- Paperback: 304 pages
- Publisher: Beast Books; First Printing edition (February 23, 2010)
- Language: English
- ISBN-10: 0984295119
- ISBN-13: 978-0984295111
- Product Dimensions: 5 x 0.8 x 7.8 inches
- Shipping Weight: 9.6 ounces
- Average Customer Review: 78 customer reviews
Amazon Best Sellers Rank:
#253,135 in Books (See Top 100 in Books)
- #251 in Books > Politics & Social Sciences > Politics & Government > Elections & Political Process > Political Parties
- #906 in Books > Politics & Social Sciences > Politics & Government > Ideologies & Doctrines > Conservatism & Liberalism
- #1999 in Books > Politics & Social Sciences > Politics & Government > United States
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Wingnuts: How the Lunatic Fringe is Hijacking America Paperback – February 23, 2010
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"Wingnuts offers a clear and comprehensive review of the forces on the outer edges of the political spectrum that shape and distort our political debate. Shedding more heat than light they drive frustrated alienated citizens away from the reasoned discourse that can produce real solutions to our problems."
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Some examples of groups that he discusses: the Tea Party, "Birthers" who believe that President Obama was born outside of the US. 9/11 "truthers" that believe President Bush was part of a conspiracy, and a "code pink" movement that sees moral equivalency between US Armed Forces and Jehadists.
Wing nuts was also an enjoyable read. I delayed reading it after purchasing but when I finally picked it up I couldn't put it down.
“The middle of the road is all of the usable surface. The extremes, right and left, are in the gutters.” —Dwight D. Eisenhower
That said, Avalon does not spare the extremists on the left, even if the material is more weighted to the right. The book puts liberals Ed Schultz, Keith Olbermann, and groups like Occupy Wall St. under the microscope as well as Glenn Beck, Rush Limbaugh, and Sean Hannity.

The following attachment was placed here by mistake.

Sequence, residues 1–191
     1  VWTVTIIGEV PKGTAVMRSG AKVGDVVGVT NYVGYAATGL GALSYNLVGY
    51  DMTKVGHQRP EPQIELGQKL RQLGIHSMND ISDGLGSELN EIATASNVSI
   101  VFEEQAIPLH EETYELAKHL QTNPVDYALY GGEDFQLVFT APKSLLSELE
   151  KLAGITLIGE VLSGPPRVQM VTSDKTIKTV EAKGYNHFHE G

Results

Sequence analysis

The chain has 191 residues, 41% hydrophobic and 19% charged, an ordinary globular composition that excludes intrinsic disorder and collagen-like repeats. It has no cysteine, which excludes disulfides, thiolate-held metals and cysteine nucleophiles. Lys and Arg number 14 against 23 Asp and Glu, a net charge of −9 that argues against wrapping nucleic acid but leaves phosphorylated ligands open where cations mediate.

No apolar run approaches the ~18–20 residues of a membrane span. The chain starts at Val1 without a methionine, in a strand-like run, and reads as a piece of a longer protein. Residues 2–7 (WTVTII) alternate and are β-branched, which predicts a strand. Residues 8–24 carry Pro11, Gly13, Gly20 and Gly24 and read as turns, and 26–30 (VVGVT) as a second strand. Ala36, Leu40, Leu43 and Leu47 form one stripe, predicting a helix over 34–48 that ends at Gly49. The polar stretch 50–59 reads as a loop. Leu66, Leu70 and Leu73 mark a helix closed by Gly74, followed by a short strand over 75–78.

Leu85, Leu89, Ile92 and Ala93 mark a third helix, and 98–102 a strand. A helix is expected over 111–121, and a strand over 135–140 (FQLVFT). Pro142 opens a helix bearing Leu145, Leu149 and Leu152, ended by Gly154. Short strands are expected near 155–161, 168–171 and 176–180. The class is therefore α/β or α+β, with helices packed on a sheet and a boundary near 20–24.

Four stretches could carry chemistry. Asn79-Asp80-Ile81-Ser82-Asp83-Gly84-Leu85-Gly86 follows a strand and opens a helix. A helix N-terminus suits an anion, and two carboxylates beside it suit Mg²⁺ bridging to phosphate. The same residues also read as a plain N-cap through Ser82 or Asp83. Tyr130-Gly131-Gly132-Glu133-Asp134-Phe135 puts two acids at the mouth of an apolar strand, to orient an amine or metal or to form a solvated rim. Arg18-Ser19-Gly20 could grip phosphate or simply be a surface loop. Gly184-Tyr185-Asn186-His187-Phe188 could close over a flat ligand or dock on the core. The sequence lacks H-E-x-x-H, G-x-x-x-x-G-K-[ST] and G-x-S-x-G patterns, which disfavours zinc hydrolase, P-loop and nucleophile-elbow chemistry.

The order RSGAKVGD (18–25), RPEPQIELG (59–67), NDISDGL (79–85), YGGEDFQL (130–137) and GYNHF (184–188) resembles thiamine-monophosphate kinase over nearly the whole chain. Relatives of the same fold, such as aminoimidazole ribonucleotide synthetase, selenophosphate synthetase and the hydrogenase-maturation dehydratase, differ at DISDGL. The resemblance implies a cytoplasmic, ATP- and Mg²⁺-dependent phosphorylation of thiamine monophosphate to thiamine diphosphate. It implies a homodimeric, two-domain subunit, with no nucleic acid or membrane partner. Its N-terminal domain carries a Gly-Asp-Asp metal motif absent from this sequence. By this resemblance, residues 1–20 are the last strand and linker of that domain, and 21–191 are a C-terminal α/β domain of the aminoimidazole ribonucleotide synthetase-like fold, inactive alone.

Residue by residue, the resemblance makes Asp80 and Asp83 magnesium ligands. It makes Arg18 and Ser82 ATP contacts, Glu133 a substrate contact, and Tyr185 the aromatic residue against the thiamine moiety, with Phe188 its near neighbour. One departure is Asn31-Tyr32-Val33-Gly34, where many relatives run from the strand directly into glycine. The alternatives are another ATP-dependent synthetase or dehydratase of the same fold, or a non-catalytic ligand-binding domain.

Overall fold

Avalon gave extensive coverage to the ordinary citizens getting caught up in political misinformation, propaganda, distortions, and hate speech. From the so-called "Hatriot" groups to the "Birthers" and "9/11 Truthers". Where he missed the mark somewhat is the scant mention of agitators on the left like Jesse Jackson and Al Sharpton (both are merely mentioned once in passing as past presidential candidates) and manipulators of the political system like the Koch brothers on the right (two brief mentions with no real substance).
With the power, influence, and determination to change our political system at every level, the Koch brothers deserved more than a couple of sentences in this book.
Those flaws aside, this book is well worth reading for anyone who wants to be well informed about the extremists operating in America today. Sadly, the people who need to read this the most are the ones who certainly will not read it, the extremists themselves. If they were to read it, it's unlikely to cause them to re-examine their beliefs and why they believe them (no amount of evidence will persuade unreasonable people).
He later adds, "We are caught in a pendulum swing of hyper-partisanship. The extremes echo and incite each other, confirming their side's worst stereotypes..." (Pg. 19) He argues that redistricting "has helped push political power to the margins," even as it resulted in 96% reelection rates, since it effectively ended competitive general elections. (Pg. 157)
Observing the criticisms of the president's health care proposals at town hall meetings, he suggests, "The roots of the town hall protests were the same as the Tea Parties---anger at the growth of government and the unprecedented spending. The fact the president had called for the health-care legislation to pass before the August recess felt to many citizens like liberal arrogance and overreach." (Pg. 30) He also notes the objections of liberals to Obama's "realpolitik agenda---a surge for Afghanistan, a cautious exit from Guantanmo, pragmatism on health care..." (Pg. 188)
He concludes the book on the note, "Washington was the original independent... George Washington warned us about the Wingnuts. We would be wise to take his advice." (Pg. 244)
Although obviously coming more from the Left, Avlon spares neither side completely in his analysis; this book (despite having been written in a mere three months in-between his wedding and honeymoon; pg. 245) will be of interest to anyone who deplores the growing "extremism" on both sides of the political aisle.